One of the causes of feather plucking is a lack of salt in their diet. They usually peck the hair at the preen gland, which produces oil to groom themselves. The preen gland is salty, which causes them to peck at their fellow’s preen gland to compensate for their deficiency. 

Reduce Flock Size

Pecking may occur when you have a large flock of over thirty chickens in your yard. Chickens may find it challenging to identify who among them belongs to the upper class or lower class. The situation leads to anxiety and stress in your flock. 

The ideal number to raise chickens is less than thirty birds. As the chickens feel uncomfortable, they become aggressive and bully their fellow chickens. If you cannot do away with more than thirty birds, you must separate some of the chickens in another part of your farm to minimize the aggression. 

When birds start hurting each other, it will also lead to injury. You have to separate the wounded chickens from the flock to treat their injuries and recover from their condition. Separate the injured chickens as they are prone to bullying since they cannot retaliate against unharmed chickens. 

Environmental Changes

Chickens react to environmental changes that lead to aggression. They become agitated and bully other chickens if they cannot locate their feeders and waterers. Moving their waterers and feeders to another place can lead to discomfort and confusion. 

This situation is similar to removing the eggs from the nesting boxes. Most hens do not lay their eggs anymore once they notice the changes in their position. 

If there is a lack of nesting boxes, older hens peck the feathers of other chickens to let them out of the nesting boxes. You must allocate one nesting box for every three hens to avoid pecking one another.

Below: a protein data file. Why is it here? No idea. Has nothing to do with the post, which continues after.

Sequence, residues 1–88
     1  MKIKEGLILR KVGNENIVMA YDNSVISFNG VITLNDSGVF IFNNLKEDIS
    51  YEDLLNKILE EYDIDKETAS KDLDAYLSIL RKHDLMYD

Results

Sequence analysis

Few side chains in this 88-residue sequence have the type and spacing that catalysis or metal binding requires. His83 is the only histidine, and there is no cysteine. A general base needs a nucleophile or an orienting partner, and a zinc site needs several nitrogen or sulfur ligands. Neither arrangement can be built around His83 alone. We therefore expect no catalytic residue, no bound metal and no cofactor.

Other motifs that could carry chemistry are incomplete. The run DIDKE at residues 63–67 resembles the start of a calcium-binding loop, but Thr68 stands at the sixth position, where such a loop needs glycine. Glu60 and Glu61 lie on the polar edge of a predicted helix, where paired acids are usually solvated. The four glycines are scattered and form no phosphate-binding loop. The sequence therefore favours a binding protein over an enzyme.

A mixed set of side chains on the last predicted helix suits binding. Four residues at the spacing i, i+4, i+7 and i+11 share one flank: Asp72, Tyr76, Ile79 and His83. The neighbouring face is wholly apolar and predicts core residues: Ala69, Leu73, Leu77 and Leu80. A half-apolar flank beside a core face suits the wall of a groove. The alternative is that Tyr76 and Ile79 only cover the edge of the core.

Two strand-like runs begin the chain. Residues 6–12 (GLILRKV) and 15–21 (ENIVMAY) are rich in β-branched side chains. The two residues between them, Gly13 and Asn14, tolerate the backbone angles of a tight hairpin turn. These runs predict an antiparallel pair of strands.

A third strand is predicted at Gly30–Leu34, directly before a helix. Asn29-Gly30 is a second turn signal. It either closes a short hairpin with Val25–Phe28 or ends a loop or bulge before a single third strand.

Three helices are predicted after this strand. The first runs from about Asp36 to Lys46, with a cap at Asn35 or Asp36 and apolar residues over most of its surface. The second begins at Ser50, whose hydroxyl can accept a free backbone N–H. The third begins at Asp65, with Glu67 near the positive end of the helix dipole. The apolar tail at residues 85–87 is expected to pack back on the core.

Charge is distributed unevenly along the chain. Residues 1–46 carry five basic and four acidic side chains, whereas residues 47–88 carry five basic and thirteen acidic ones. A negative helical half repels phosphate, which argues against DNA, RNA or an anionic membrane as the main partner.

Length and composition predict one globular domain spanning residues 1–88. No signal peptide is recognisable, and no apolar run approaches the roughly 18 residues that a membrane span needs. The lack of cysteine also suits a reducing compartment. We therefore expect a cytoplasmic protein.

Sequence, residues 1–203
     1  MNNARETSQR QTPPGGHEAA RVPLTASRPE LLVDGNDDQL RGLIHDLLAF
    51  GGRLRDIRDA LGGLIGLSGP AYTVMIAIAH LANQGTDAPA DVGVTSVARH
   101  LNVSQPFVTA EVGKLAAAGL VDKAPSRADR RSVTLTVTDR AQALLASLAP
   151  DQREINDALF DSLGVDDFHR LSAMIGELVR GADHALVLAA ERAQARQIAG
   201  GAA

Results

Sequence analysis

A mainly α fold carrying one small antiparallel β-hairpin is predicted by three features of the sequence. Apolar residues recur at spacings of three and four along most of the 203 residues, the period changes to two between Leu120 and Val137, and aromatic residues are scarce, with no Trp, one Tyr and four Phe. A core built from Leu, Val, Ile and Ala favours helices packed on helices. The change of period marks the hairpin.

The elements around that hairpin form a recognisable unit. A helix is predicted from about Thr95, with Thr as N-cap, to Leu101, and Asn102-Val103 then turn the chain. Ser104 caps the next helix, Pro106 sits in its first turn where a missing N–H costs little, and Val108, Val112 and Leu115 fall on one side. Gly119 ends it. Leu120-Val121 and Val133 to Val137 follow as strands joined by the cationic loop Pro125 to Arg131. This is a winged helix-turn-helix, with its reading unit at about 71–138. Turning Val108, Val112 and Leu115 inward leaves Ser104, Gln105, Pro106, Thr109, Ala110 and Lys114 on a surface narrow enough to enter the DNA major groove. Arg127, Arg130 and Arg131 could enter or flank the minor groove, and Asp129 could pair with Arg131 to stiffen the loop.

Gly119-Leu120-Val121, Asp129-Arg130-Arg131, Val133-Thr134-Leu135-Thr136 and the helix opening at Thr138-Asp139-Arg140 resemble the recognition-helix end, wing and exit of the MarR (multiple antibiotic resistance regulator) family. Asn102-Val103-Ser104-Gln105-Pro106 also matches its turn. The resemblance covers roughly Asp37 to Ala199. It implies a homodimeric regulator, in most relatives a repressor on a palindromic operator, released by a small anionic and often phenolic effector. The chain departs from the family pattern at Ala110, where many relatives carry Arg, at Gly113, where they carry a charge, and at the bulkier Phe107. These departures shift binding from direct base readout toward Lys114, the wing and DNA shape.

FAQs on Preventing Feather Pecking Among Chickens

What is the Suitable Coop for Chickens to Prevent Overcrowding?

Since overcrowding can trigger aggressive behavior in your chickens, ensure that the Coop should be spacious to accommodate at least four square feet per chicken. Those chickens that are not allowed to stay outside during the daytime should have a space of at least ten square feet in the Coop per bird. 

Keep the flooring safe and comfortable to run around. Instead of wired, sandy, rocky, or bare flooring, add wood shavings or straw as bedding to give them comfort throughout the day. 

What are the Uses of Chicken Saddles?

A chicken saddle mounted on the back of the hen can protect from the spurs and nails of roosters during mating. With a saddle, the rooster cannot pluck the feathers anymore on the back and head of your hen. Those injured chickens should wear saddles until the bruises heal and the feathers grow again. 

What is the Appropriate Diet for Chickens?

Roosters tend to pluck the feathers of other hens because their bodies lack nutrients, especially protein and salt. The best diet recommendation for chickens should consist of twenty percent protein. 

Feed your chickens the right amount of chicken mash to increase their protein intake and chicken multivitamins to treat other nutrient deficiencies. For salt deficiency, add one tablespoon of salt for every gallon of water and give your chicken at least thrice a week. 

What is Debeaking?

Debeaking or beak trimming is a temporary removal of the bird’s beak. In most cases, the beaks of roosters are shortened permanently, where the upper beak is shorter while the lower beak is a bit longer. 

The purpose of debeaking is to prevent the rooster from pulling off the feather of his hens and minimize infection and injuries. Since the beak regrows over time, you have to trim the beak regularly.

What is Pine Tar?

Pine tar is a type of wood tar that is useful in treating wounds in animals. It is applied on pecked chicken as it heals the wound fast. It also protects the hen from pecking due to its unpleasant taste. Apply pine tar to the affected area for fast healing. You can buy pine tar at garden supply and feed stores.